Missing Malaysia Airlines MH370 News: Investigators Not Ruling Out Suicide as Motive in Boeing 777 Disappearance

By @MazumdarTarun on

The investigators are not ruling out suicide by the captain or co-pilot as a probable cause for the disappearance of Malaysia Airlines flight MH370. According to Huffington Post, the co-pilot of the missing Malaysian Boeing 777 spoke the last words.

On March 8, Malaysia Airlines flight MH370 vanished with 239 people aboard. Investigators are convinced that the plane was diverted thousands of miles off course by an expert in commercial navigation.

Ahmad Jauhari Yahya, airline chief executive said that they don't know when one of the airplane's automatic tracking systems had been disabled. On Sunday, the suspicions of hijacking had intensified when officials revealed that the last message from flight MH370 was "all right, good night." After this the automatic tracking system - "ACARS" was disabled.

Experts believe that the airliner's transponder can be disabled by flicking a switch in the cockpit. In order to turn off "ACARS" the person may have to open the trap door outside the cockpit and pull the fuse or circuit breaker under the plane's belly. It requires deep knowledge of the Boeing 777 in order to pull off something like that.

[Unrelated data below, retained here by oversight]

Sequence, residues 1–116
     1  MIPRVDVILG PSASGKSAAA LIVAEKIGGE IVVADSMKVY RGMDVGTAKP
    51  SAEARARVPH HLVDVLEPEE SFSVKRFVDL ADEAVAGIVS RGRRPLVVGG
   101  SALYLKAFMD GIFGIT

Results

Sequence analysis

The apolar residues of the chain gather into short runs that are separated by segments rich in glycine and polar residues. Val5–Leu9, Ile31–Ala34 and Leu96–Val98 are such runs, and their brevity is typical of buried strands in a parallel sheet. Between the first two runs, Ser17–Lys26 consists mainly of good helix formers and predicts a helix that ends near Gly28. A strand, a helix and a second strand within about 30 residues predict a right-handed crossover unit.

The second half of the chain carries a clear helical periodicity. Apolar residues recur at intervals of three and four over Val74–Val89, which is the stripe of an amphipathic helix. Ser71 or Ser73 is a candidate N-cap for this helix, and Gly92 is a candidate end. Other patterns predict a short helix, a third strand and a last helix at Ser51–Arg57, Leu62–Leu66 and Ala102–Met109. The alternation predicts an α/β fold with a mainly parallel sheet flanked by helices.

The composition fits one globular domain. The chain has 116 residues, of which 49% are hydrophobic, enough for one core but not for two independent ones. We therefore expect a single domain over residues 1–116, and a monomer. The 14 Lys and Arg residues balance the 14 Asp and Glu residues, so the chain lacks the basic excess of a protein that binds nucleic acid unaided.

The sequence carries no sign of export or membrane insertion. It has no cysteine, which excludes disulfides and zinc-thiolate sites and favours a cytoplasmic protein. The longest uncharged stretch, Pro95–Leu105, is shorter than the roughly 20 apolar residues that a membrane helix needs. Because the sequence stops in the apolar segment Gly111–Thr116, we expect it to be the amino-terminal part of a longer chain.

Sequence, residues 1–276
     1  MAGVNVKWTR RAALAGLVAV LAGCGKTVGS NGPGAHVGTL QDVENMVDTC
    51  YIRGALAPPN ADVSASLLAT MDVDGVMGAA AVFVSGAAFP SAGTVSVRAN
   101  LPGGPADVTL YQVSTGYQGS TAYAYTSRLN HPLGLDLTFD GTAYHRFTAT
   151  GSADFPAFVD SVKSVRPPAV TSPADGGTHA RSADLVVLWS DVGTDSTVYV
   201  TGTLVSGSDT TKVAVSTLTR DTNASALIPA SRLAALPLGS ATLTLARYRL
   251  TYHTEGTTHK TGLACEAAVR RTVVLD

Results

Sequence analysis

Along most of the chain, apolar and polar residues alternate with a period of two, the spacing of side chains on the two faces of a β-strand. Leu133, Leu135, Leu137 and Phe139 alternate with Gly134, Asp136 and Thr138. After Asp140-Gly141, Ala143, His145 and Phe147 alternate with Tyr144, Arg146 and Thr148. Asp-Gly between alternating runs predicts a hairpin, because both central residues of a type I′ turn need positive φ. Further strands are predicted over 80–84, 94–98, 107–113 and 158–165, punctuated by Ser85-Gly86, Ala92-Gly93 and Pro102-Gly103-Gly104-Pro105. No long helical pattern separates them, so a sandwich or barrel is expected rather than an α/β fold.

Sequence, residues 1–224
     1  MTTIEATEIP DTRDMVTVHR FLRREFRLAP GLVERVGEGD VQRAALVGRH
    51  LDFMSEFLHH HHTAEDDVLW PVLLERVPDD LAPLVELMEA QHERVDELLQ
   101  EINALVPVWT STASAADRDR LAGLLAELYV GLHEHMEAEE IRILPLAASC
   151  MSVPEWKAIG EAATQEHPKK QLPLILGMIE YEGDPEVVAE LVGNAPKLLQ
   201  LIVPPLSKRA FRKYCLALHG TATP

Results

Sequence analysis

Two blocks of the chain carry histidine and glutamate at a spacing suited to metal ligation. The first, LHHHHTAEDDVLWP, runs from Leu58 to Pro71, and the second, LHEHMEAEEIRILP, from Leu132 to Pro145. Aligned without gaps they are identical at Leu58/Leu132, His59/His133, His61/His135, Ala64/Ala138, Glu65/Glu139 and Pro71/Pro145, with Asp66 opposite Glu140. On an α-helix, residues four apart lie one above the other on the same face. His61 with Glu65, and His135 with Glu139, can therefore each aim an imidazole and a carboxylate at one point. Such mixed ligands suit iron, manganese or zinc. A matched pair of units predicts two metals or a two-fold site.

On Monday, Ahmad said, "Initial investigations indicate it was the co-pilot who basically spoke the last time it was recorded on tape."

Police raided the homes of pilot Zaharie Ahmad Shah and co-pilot Fariq Abdul Hamid on March 15. The investigators have recovered a home-made flight stimulator from Zaharie's place.

Acting Transport Minister Hishammuddin Hussein replied to a question related to pilot suicide.

"Yes, we're looking at it."

He mentioned that he "cannot say for the moment" if the pilots faced any personal or financial problems.

Leaked Footage of MH370 Pilots

Recently, leaked footage that showed Malaysia Airlines flight MH370 pilots - Zaharie and Fariq going through security checks at the Kuala Lumpur Airport has gone viral on the Internet.

The footage is taken from closed-circuit television video showing Captain Zaharie and co-pilot Fariq going through the routine checks. Later, they collect their bags.

The footage is no longer available on line.

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